Cindy and me on the third integration day, at breakfast with the group at Jake’s, Treasure Beach

Psychedelic Mushrooms in Jamaica: The Ultimate Vacation

Duncan Riach

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Cindy and I returned from Jamaica just over a week ago, arriving in what seems like a different world, a world of greater benevolence and greatly increased possibilities. Both of us have been relieved of enormous burdens that we had been carrying somewhat unconsciously. Both of us feel empowered to trust ourselves and to chart our own paths in the world, unfettered by fantastical stories about what other people might expect from us or demand of us, unlimited by the false hope that someone, perhaps a less-than-optimally-competent parent in the distant past, will finally come to save us.

Emancipate yourselves from mental slavery. None but ourselves can free our minds. — Bob Marley, Redemption Song

Wanting to help a family member who has been suffering from severe depression, I had been reading the reports of the many studies into the beneficial effects of psilocybin (and other psychedelic substances) on various mental health disorders, including depression, anxiety, obsessive-compulsive disorder, addiction, and post-traumatic stress disorder. Because psilocybin has not been made illegal in Jamaica, there are many psilocybin-assisted retreats being offered there, making available—to those who are lucky enough to be able to afford to travel there—the benefits of this approach to psychological integration.

Even more so after experiencing it myself, I’m coming to believe that this is by far the most effective tool we have for addressing not only mental health issues but also the lower-grade suffering that pervades, and ultimately hobbles, the human endeavor as a whole.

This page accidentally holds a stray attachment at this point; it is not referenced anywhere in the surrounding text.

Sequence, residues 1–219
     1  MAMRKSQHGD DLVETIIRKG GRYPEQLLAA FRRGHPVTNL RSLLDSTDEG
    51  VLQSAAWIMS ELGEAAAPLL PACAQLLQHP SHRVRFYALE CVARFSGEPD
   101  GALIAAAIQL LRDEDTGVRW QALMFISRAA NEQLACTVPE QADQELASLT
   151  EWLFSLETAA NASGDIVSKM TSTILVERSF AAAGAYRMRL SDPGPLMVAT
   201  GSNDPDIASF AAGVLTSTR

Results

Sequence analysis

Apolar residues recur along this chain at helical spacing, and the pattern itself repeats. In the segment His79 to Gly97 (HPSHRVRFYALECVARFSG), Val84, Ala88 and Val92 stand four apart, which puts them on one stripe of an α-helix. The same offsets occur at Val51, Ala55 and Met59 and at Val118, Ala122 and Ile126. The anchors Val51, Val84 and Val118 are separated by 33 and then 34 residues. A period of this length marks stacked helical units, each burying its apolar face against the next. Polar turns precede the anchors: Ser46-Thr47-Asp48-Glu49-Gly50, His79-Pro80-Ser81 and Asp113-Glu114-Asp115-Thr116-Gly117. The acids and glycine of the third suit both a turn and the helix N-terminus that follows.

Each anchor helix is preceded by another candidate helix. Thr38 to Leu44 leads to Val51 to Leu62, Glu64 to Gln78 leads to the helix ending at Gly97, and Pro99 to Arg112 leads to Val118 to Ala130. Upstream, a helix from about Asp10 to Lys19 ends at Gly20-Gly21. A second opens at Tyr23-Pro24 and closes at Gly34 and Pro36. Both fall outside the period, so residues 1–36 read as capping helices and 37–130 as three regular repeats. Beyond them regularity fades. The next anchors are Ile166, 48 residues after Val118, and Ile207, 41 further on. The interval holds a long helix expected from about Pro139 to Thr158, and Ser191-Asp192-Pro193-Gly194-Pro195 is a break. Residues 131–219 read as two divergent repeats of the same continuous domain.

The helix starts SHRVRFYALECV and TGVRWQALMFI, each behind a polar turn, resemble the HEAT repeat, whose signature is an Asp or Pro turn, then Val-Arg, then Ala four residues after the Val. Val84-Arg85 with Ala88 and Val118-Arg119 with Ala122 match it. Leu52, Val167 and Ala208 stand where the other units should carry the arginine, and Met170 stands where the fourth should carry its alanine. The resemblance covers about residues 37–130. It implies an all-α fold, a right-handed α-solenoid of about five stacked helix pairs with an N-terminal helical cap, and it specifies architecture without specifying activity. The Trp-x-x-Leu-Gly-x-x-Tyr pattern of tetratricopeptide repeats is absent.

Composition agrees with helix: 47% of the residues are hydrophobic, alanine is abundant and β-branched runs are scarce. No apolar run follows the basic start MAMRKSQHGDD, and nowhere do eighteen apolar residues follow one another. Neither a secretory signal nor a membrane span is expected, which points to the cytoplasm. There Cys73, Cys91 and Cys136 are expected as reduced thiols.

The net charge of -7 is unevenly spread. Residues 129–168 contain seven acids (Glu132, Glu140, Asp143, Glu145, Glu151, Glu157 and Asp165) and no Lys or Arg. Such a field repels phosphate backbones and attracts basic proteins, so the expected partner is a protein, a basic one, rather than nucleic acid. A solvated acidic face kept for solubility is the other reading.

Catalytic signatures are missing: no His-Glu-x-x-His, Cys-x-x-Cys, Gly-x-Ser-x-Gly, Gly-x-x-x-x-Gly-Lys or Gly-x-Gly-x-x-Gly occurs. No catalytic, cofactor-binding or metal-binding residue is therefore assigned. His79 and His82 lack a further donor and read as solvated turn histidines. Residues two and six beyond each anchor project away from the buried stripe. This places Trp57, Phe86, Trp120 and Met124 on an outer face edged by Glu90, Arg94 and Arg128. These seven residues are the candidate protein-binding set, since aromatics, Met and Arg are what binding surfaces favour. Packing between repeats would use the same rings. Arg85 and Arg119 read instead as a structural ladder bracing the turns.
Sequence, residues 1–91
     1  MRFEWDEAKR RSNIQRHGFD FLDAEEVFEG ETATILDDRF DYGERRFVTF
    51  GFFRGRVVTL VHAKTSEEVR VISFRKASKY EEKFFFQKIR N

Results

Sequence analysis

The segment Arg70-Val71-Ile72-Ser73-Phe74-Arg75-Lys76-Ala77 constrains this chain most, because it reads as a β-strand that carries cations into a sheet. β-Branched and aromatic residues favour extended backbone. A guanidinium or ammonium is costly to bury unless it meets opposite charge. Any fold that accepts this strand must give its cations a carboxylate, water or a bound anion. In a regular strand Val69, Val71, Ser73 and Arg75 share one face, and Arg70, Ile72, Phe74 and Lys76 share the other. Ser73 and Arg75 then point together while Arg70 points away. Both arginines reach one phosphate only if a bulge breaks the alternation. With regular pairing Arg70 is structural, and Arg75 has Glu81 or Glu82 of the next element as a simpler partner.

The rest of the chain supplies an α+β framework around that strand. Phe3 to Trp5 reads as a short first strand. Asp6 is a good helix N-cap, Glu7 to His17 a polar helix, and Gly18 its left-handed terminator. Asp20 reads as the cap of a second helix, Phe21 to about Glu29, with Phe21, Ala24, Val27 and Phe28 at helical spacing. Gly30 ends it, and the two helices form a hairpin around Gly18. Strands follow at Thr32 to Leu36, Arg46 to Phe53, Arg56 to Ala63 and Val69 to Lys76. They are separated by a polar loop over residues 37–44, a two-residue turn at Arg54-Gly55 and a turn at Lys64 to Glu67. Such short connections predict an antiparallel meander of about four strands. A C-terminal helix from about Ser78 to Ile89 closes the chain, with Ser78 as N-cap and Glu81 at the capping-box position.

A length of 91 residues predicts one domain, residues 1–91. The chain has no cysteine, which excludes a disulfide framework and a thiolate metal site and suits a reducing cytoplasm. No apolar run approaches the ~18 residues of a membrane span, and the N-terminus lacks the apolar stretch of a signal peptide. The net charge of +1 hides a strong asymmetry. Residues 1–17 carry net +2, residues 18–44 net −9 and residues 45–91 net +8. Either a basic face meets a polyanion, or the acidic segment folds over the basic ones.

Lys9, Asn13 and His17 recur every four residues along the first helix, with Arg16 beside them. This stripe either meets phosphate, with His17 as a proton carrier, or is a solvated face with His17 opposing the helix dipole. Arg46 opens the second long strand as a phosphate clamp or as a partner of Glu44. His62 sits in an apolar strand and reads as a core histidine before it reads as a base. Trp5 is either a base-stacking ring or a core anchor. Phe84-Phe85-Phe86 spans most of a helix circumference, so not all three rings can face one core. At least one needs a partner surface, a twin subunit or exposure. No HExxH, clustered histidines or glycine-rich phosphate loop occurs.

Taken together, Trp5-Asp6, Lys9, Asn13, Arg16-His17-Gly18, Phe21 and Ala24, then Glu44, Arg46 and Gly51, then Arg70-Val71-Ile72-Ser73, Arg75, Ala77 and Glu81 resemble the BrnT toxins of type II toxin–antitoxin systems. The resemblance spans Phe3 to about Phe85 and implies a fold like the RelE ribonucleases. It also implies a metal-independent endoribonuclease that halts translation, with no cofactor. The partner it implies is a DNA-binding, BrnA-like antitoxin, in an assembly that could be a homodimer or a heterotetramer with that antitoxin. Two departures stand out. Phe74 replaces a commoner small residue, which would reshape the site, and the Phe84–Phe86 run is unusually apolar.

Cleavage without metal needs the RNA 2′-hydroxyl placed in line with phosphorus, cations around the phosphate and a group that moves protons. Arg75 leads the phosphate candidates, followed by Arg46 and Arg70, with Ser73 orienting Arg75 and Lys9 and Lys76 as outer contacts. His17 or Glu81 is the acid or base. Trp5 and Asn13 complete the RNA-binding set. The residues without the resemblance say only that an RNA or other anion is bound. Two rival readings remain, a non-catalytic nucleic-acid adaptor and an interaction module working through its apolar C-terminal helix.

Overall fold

Psychedelic mushrooms, also known as magic mushrooms, the most potent of which are of the genus Psilocybe, contain both psilocybin and psilocyn. In the human body, the prodrug psilocybin is metabolized into psilocyn, which is a serotonin receptor agonist (activator) that produces psychedelic effects. The word psychedelic is greek and means mind-manifesting. The psychedelic experience brings into awareness potentially nonadaptive mental processes that were hitherto unconscious, and that were therefore difficult, or often impossible, to untangle and consciously repattern. Psychedelics seem to naturally broaden our menu of behavioral options, leading to much more adaptive human functioning.

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Duncan Riach

Top Writer. Self-Revealing. Mental Health. Success. Fulfillment. Flow. MS Engineering/Technology. PhD Psychology. duncanriach.com